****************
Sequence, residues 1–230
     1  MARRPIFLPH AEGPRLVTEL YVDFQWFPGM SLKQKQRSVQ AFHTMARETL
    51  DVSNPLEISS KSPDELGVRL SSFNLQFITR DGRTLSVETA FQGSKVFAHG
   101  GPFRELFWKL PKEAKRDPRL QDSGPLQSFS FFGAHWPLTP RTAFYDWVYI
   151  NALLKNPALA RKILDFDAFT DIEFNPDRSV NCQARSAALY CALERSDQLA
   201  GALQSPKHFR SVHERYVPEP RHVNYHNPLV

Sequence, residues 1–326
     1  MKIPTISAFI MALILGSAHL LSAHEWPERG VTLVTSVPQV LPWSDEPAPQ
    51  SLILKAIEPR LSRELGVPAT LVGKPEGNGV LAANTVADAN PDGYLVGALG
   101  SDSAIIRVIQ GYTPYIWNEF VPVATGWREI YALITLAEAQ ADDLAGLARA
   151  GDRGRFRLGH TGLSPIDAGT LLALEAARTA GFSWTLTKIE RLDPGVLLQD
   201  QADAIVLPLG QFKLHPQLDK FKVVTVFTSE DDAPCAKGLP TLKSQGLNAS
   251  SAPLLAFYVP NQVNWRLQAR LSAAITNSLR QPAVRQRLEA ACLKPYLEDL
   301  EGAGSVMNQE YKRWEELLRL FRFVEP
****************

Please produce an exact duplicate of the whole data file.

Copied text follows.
Sequence, residues 1–230
     1  MARRPIFLPH AEGPRLVTEL YVDFQWFPGM SLKQKQRSVQ AFHTMARETL
    51  DVSNPLEISS KSPDELGVRL SSFNLQFITR DGRTLSVETA FQGSKVFAHG
   101  GPFRELFWKL PKEAKRDPRL QDSGPLQSFS FFGAHWPLTP RTAFYDWVYI
   151  NALLKNPALA RKILDFDAFT DIEFNPDRSV NCQARSAALY CALERSDQLA
   201  GALQSPKHFR SVHERYVPEP RHVNYHNPLV

Sequence, residues 1–326
     1  MKIPTISAFI MALILGSAHL LSAHEWPERG VTLVTSVPQV LPWSDEPAPQ
    51  SLILKAIEPR LSRELGVPAT LVGKPEGNGV LAANTVADAN PDGYLVGALG
   101  SDSAIIRVIQ GYTPYIWNEF VPVATGWREI YALITLAEAQ ADDLAGLARA
   151  GDRGRFRLGH TGLSPIDAGT LLALEAARTA GFSWTLTKIE RLDPGVLLQD
   201  QADAIVLPLG QFKLHPQLDK FKVVTVFTSE DDAPCAKGLP TLKSQGLNAS
   251  SAPLLAFYVP NQVNWRLQAR LSAAITNSLR QPAVRQRLEA ACLKPYLEDL
   301  EGAGSVMNQE YKRWEELLRL FRFVEP